Shard and London Bridge at night A\J Photo © Aidas Zubkonis \

“What hath night to do with sleep?” proclaimed John Milton in Paradise Lost. Environmental activists, I think, would agree that sleep has very little to do with it because night is not a time for rest but for action. It provides a cloak of invisibility under which they can enact the most elaborate demonstrations of civil disobedience. Night offers mobility and security from prying eyes that in the light of day would halt the spread of an urgent message.

At a time when environmental exploitation is growing exponentially worldwide — look no further than the possible development of new coal ports in the Great Barrier Reef catchment, Enbridge’s proposed Northern Gateway pipeline through the Great Bear Rainforest and Shell’s Arctic drilling — the need for civil disobedience has never been greater. But at a time of instant “everything,” how do we raise public awareness and mass action without being stopped at the proverbial gates? The answer, as so perfectly demonstrated by the recent Shard climb, is night.

Liesbeth Debbens (Netherlands), Ali Garrigan (UK), Victoria Henry (Canada), Sabine Huyghe (Belgium), Sandra Lamborn (Sweden) and Wiola Smul (Poland) took centre stage on July 11, 2013. These six change-makers set out to climb the Shard, Europe’s tallest building, in London, England, in opposition of Arctic drilling and its catastrophic environmental consequences. This building, not chosen by coincidence, overshadows Shell’s three London offices.

After months of rigorous training, the courageous climbers made their way to the Shard just after 4am on the 11th. After scaling the London Bridge rail station, they reached the bottom of the Shard and began to climb. The darkness of the pre-dawn hours was their shield. By starting early they avoided any potential commuter disruption, helped ensure safe passage to the Shard itself and enough daylight to complete the climb.

Streaming live on Greenpeace TV, the dangers of Arctic drilling could no longer be ignored. With the hashtag #iceclimb trending worldwide, messages of hope, strength and thanks came pouring in from across the globe. And Greenpeace’s Save the Arctic campaign gathered an additional 40,000 signers to a petition that already featured over 3 million. For Victoria Henry, the goal of the climb was to “shout from the rooftops, to do something so big that no one could look away.” She succeeded. 

But the biggest message came at approximately 6pm after 15 hours of exhaustive climbing, when Smul of Poland reached the summit and waved the Save the Arctic flag for all to see, including Shell employees and executives. The flag was not a declaration of ownership but a proclamation for action. A flag placed upon a building during the day that was only reachable by passage through the night. It represents that the Arctic affects all of us equally, and so it is our duty to help protect it.

The Shard is not the only action to have started before dawn. At 5am on September 16, 2013, forty activists chained themselves to a railway line in Germany to bring attention to energy giant Vattenfall’s practice of burning brown coal, or lignite, at one of Europe’s most polluting power plants, Schwarze Pumpe. By starting in the pitch black of night the activists were able to avoid detection because “a demonstration doesn’t need an audience. At first at least,” wrote Gregor Kessler for Greenpeace. The strategy worked because “while police and Vattenfall's security people try to find a way to get the activists off the rail, TV teams, photographers and other journalists speak to Greenpeace activists about the damage brown coal does to the climate,” stated Kessler.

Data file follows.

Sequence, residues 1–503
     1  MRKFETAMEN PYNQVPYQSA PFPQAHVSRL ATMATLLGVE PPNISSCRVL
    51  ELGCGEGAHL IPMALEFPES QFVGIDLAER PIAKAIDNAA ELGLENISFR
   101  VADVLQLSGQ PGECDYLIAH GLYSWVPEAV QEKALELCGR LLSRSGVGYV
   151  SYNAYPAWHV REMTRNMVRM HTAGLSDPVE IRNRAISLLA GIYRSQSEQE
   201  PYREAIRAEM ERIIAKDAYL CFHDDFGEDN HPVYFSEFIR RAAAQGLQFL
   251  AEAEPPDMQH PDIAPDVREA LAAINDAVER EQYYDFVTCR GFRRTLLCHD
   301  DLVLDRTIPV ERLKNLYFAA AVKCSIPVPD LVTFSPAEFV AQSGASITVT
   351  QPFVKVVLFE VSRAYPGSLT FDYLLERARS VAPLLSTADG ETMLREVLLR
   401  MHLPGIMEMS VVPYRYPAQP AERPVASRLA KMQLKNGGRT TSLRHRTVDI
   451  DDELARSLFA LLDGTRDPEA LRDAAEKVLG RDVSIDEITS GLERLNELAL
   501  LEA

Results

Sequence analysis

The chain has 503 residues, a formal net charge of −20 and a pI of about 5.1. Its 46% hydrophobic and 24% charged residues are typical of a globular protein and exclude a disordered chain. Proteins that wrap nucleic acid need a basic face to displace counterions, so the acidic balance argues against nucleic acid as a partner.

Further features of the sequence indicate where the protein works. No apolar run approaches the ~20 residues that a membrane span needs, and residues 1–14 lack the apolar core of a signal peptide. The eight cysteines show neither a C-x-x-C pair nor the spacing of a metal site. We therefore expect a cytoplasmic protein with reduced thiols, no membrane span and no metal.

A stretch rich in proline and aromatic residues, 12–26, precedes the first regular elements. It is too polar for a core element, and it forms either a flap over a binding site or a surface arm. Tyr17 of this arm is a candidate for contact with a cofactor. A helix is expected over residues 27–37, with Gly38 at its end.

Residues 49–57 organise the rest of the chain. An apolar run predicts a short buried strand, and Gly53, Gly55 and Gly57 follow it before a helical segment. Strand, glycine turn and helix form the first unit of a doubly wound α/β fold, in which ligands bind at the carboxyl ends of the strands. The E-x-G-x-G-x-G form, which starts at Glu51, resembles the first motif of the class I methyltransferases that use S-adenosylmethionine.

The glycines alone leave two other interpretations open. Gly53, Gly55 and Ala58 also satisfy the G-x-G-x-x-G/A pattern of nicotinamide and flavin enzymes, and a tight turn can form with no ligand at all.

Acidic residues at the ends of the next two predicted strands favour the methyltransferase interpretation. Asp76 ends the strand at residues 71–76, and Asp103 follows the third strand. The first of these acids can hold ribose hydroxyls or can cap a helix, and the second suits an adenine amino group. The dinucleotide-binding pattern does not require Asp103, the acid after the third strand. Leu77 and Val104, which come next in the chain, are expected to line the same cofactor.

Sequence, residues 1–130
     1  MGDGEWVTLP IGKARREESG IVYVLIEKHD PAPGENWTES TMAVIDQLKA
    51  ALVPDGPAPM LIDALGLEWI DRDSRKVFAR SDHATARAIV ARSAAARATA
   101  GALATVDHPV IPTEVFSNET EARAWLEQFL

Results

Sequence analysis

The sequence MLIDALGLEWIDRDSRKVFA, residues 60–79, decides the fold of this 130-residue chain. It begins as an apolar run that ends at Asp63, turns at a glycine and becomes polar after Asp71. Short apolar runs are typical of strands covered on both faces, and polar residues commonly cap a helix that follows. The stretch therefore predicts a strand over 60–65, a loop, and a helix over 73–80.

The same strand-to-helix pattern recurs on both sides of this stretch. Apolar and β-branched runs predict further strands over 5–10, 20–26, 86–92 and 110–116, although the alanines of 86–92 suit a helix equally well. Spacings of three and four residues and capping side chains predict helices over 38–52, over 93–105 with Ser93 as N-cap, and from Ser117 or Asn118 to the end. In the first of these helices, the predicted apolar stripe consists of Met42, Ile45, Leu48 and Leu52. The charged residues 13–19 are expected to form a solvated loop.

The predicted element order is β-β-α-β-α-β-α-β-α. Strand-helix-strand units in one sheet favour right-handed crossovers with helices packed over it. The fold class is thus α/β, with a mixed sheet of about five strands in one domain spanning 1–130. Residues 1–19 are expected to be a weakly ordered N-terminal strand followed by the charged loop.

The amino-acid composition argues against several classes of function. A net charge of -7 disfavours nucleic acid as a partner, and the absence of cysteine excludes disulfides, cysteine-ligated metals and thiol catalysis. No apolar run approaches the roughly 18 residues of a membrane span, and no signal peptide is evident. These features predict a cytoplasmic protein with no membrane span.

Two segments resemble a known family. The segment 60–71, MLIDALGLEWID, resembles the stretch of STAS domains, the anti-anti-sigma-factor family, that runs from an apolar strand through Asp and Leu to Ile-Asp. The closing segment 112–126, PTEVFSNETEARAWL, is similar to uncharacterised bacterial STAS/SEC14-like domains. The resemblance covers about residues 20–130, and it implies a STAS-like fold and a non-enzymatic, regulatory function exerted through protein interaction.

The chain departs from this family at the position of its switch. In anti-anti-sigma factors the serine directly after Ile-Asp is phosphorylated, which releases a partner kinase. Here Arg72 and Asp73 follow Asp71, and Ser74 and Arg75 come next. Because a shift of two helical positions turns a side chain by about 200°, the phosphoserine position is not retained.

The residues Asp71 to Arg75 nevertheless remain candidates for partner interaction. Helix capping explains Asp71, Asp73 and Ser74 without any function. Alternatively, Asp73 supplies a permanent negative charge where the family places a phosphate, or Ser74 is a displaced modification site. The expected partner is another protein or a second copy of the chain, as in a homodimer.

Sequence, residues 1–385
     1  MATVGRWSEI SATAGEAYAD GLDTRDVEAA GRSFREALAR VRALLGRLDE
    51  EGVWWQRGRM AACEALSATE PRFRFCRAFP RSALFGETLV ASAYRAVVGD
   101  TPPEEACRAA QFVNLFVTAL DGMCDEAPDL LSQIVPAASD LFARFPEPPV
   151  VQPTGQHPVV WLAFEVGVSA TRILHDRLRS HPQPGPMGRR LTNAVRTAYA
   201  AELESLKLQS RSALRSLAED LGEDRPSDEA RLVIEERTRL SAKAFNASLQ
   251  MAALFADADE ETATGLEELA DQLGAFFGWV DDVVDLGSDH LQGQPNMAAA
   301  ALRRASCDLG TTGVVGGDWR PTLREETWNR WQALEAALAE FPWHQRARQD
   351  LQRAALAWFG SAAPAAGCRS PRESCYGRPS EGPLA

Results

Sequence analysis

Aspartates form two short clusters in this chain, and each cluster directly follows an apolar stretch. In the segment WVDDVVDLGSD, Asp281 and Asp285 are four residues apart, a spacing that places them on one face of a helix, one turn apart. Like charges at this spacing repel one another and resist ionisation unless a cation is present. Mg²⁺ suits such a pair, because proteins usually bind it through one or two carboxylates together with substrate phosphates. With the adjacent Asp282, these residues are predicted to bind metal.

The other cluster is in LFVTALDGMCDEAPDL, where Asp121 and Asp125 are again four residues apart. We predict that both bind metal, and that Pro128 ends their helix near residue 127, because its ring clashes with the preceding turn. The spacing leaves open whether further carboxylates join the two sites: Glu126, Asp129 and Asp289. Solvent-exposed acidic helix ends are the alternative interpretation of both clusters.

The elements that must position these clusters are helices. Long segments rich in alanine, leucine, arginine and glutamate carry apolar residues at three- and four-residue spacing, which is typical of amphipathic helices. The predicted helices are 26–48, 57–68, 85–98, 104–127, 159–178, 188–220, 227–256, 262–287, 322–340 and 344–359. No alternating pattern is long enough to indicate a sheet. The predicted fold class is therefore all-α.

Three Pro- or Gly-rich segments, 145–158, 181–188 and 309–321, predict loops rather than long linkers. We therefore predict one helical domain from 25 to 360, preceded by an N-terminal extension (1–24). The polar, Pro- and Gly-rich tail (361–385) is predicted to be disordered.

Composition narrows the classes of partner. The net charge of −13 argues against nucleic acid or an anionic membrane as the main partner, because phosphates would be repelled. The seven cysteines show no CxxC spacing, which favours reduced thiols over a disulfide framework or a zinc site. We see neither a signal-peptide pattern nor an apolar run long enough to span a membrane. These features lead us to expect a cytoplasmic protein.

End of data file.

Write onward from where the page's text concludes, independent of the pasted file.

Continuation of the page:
While some use the nighttime hours to prepare their message, others use the cover of dark to prevent activists from being heard. In the early hours of June 26, 2010, Dr. John Booth was awoken by police conducting a raid on anti-G20 protestors. As reported by CBC news, Booth and his wife were mistakenly accused of conspiracy to commit mischief and handcuffed. This potential “abuse of power” was facilitated by the darkness giving way to over-policing of both well-intending protestors and innocent bystanders. Activists often have to stay two steps ahead of authorities even when starting out before sunrise.

The Shard climb bravely took shape under cover of night and ignited a global conversation about environmental degradation. Out of the darkness was born an army willing to fight for the Arctic’s protection. Today, Greenpeace activists have attempted to occupy a Russian oil rig, starting before dawn, leaving us to only wonder what whispers the night will give voice to next.  

Inderjit Deogun believes the earth deserves saving. With her nose almost always stuck in a book and her brain on the environment, she has found her calling in both literature and climate change. Inderjit has a background in traditional publishing and communications.

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